Introversion in Anime and Comics
Today, Japanese animation and American television
don’t really mix.
The former is hardly gone from the airwaves, of course. Disney XD has Naruto
Shippuden. Nicktoons runs Dragon Ball Z Kai, as does 4Kids’ “Toonzai” block on The CW along with Sonic X and Yu-Gi-Oh–well, until now perhaps.The Hub has got Deltora
Quest running next to Batman Beyond on weekday mornings. Cartoon Network
broadcasts Pokemon and a handful of lesser toyetic anime while its
Adult Swim block continues its ongoing habit of running anime that’s really
for teenagers. G4 will begin broadcasting Marvel-produced, Madhouse-animated anime this
summer, starting with Iron Man.
Syfy has a two-hour block that is erratic but lately rarely dull; what other block can claim to have put a first-class mystery thriller, mecha, Street Fighter, a gun-toting nun and
an old school space opera under the same roof?
Yet notice what these anime generally have in common, aside from Syfy programming and some limited exceptions elsewhere. In large part they are established and ongoing properties, or they exist to sell toys, or both. What’s mostly missing from the picture? Fresh, independent acquisitions and newer Japanese animation. Survey the anime scene since 2008 or even 2007, and you’ll be struck by just how few found a market in America beyond DVD. In terms of exposure and appeal in the United States, anime is still in a post-Toonami and diminished state. That block is over, Cartoon Network has largely turned inward to homegrown productions and seems to have embraced comedy as its bread and butter for now. In general airtime devoted to anime programming is simply down substantially compared to the middle of the 00s decade. This poses a problem. Not so much for today’s animation fan, to be sure; we’re at a time where anime is cheaper than ever on home video and legal online options offer countless hours of entertainment at an even cheaper cost or for free. The ones who miss out are all those kids and preteens sought after by Cartoon Network, The Hub, Nickelodeon, and Disney XD who are, on balance, offered less diversity in animated TV programming than ten years ago. The party that loses out is an U.S. anime industry that runs on a DVD market now worth about half of what it was worth in 2006, an industry that spends the vast majority of its effort marketing to the eighteen-and-up fanbase that dominates that market. While digital content may be a way to reach internet-savvy teens lacking disposable income and to establish a fresh revenue stream, the charitable thing to say is that this is a work in progress. By all accounts, there isn’t much money in it just yet.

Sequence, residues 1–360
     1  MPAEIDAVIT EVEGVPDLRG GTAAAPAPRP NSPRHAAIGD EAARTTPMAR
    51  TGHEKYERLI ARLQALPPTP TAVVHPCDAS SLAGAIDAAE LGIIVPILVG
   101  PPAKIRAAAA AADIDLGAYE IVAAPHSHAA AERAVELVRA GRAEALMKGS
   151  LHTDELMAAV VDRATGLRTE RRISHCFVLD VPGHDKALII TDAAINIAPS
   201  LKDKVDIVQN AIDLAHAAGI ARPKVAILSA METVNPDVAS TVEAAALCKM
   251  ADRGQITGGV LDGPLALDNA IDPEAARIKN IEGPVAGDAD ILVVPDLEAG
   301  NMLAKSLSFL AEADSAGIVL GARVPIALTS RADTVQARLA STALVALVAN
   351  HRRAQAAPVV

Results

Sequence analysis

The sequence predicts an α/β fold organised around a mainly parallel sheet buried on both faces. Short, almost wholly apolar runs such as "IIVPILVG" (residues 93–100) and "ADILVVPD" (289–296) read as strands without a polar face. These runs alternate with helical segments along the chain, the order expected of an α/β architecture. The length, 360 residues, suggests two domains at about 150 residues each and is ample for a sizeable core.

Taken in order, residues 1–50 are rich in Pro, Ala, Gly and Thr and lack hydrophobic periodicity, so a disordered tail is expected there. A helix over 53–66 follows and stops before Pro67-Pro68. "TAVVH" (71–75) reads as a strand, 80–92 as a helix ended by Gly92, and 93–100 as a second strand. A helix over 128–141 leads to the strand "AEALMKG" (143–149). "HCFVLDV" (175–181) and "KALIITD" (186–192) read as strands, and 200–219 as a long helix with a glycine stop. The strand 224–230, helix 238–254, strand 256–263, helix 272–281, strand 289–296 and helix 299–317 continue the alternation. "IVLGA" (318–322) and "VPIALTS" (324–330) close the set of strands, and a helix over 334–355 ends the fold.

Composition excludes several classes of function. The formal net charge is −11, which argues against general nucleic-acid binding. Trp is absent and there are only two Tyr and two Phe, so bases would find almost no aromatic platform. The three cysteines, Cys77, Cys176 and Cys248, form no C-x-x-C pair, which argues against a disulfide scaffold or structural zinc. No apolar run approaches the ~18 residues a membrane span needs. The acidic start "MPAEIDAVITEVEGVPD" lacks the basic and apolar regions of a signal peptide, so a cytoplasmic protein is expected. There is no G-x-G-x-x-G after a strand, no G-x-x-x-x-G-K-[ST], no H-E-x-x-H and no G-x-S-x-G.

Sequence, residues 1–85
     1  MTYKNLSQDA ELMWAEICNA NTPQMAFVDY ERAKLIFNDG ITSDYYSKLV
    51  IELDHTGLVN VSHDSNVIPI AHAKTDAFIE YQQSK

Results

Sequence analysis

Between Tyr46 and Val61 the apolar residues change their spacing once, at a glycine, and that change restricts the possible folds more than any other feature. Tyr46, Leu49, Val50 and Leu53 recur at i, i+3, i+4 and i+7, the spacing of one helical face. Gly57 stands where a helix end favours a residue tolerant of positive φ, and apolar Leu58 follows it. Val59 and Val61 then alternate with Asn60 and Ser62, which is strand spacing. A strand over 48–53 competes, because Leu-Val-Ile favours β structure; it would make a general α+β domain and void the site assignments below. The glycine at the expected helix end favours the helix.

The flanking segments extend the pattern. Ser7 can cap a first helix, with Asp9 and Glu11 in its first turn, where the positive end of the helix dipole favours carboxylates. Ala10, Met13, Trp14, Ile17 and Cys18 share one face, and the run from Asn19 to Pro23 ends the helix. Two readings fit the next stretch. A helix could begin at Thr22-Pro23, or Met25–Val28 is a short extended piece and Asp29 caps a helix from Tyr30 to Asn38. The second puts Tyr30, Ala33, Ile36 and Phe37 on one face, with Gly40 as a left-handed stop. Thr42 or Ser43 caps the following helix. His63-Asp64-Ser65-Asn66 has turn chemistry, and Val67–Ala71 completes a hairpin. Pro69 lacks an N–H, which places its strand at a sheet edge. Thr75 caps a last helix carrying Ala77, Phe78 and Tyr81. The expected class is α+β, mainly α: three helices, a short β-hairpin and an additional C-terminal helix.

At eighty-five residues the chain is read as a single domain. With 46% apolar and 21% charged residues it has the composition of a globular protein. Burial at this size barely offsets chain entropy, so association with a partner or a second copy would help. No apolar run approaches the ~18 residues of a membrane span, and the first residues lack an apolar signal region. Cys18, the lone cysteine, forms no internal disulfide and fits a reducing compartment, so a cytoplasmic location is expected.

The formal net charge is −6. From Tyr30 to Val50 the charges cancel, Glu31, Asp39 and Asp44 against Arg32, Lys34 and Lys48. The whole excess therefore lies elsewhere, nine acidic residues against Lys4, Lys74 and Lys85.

So why does this state of affairs exist? I think there are bad and good reasons for it that say plenty about the state of creativity and animation on either side of the Pacific. My starting topic here today is introversion.